Vatican City (AsiaNews) - "We are not isolated and we are not Christians individually, each on his or her own". Instead, we are all part of the Church, "a large family, where one is welcomed," where "one learns to live as believers and disciples of the Lord Jesus," Pope Francis said.
Speaking in the last general audience before the July break, the Holy Father devoted his catechesis to the Church before a crowd of 35,000 in St Peter's Square. Despite a few drops of rain, he walked extensively among the assembled faithful.
In his address, he warned against those who "think they can have a personal, direct, immediate relationship with Jesus Christ outside of the communion and the mediation of the Church."
In the Church, he noted, there is no "do it yourself", no "free agents." For him, "Our Christian identity is belonging! We are Christians because we belong to the Church. It is like a surname. If the name is 'I am a Christian', the surname is 'I belong to the Church'." Such sense of belonging was born from the alliance between God and Abraham, to whom he donated a great people for his loyalty.
"God's relationship to his people comes before all of us, it comes from that time," and thus, "in this sense, our thoughts go first, with gratitude, to those who have gone before us and who welcomed us into the Church. No one becomes a Christian by himself! Is this clear? Nobody becomes a Christian by himself. Christians are not made in a lab. Christians are part of a people that has come a long way. Christians belong to a people called the Church and the Church makes us Christians on the day of our Baptism. Of course, then comes the catechesis and so many [other] things. But no one, no one becomes a Christian by himself. "
"If we believe, if we know how to pray, if we know the Lord and can listen to his Word, if we feel him close to us and recognise him in our brothers, that is because others before us lived the faith and then passed it onto us: the faith we received from our fathers, our ancestors, who taught it to us. If we think about it, who knows how many loved ones are passing before our eyes at this very moment: Maybe the face of our parents who asked the Baptism for us, that of our grandparents or another relative who taught us how to make the sign of the cross or recite our first prayers."
"I will always remember the face of the nun who taught me catechism. I can always see her face - She is certainly in Heaven because she was a saintly woman. I always remember her and thank God for this nun - or that of the parish priest, and that of another priest or a nun, a catechist, who passed on the content of the faith and made us grow as Christians. "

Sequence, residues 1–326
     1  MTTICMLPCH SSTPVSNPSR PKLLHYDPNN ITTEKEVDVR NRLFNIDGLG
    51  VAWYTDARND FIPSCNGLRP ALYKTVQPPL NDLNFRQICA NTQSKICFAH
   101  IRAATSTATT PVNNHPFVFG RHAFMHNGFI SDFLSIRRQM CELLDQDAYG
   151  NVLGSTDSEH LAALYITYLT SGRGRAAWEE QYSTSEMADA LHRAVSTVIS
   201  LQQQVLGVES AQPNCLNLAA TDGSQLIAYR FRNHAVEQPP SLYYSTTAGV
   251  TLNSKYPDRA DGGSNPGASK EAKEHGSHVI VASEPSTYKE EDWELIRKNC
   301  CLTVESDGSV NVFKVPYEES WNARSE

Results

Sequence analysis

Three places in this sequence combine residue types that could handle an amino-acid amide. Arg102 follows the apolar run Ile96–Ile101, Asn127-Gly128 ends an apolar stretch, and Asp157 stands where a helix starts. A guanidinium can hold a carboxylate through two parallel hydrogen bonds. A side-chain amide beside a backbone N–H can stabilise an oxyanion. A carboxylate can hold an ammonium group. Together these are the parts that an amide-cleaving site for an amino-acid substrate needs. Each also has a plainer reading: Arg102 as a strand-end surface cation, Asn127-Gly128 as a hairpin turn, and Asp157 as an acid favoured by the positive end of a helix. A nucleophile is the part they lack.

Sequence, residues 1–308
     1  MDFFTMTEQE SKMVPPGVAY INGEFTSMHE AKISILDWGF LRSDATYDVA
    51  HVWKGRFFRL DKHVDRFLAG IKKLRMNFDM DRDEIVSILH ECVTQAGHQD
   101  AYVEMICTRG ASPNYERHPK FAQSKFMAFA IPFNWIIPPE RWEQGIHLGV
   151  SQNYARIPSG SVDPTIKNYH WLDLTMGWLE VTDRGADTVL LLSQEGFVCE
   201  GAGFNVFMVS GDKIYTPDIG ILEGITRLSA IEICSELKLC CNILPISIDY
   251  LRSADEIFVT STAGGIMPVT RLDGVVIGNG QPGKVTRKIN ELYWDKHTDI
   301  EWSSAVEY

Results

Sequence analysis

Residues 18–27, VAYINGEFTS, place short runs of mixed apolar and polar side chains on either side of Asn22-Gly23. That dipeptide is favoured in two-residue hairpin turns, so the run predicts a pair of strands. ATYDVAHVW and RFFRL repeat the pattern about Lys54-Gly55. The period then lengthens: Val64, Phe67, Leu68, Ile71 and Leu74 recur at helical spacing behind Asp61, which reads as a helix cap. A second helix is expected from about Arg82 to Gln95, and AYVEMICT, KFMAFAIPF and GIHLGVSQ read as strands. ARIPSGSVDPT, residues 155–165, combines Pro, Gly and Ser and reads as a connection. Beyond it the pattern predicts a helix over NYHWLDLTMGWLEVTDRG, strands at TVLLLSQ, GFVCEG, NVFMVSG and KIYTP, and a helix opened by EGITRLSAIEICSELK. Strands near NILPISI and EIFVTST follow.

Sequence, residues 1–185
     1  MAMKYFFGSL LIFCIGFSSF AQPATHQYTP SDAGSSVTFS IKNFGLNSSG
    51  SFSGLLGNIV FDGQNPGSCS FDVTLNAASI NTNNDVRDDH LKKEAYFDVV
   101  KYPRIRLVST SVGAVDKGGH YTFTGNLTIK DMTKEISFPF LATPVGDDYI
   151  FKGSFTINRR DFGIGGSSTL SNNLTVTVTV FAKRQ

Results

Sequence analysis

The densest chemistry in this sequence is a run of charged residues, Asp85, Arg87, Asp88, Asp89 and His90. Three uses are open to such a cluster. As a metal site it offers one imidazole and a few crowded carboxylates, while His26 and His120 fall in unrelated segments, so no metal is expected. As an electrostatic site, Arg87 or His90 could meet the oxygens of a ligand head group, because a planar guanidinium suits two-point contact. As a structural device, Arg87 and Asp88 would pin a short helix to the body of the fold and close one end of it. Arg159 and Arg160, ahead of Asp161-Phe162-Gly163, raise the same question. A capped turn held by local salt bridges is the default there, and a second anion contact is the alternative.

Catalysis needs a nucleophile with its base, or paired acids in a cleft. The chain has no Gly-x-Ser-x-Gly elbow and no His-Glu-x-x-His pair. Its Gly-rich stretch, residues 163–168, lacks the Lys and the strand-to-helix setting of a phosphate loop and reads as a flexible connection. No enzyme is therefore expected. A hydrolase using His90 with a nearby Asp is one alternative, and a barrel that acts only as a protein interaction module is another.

"There is no 'do it yourself' in the Church, no 'free agents'. How many times did Pope Benedict describe the Church as an ecclesial 'us'! Sometimes one can hear people say, 'I believe in God, I believe in Jesus, but I do not care for the Church . . . 'How many times have we heard that? And that is no good. "
Some "think they can have a personal, direct, immediate relationship with Jesus Christ outside of the communion and the mediation of the Church. Such temptations are dangerous and harmful. They are, in the words of the great Pope Paul VI, absurd dichotomies."
Indeed, "walking together is challenging, and can sometimes be laborious. Some brother or sister might cause a problem, or a scandal . . . But the Lord entrusted his message of salvation to humans, to all of us, to witnesses. It is through our brothers and our sisters, with their gifts and their limits, that he comes to us and makes himself known. This is what it means to belong to the Church. "
"Let us ask for," the pope said in concluding, "the grace of never falling into the temptation of thinking we can do without others, without the Church, and save ourselves on our own."
"We cannot love God without loving our brothers and sisters; we cannot love God outside of the Church; we cannot be in communion with God without being in the Church; and we cannot be good Christians if we are not with all those who seek to follow the Lord Jesus, as one people, one body. And this is the Church."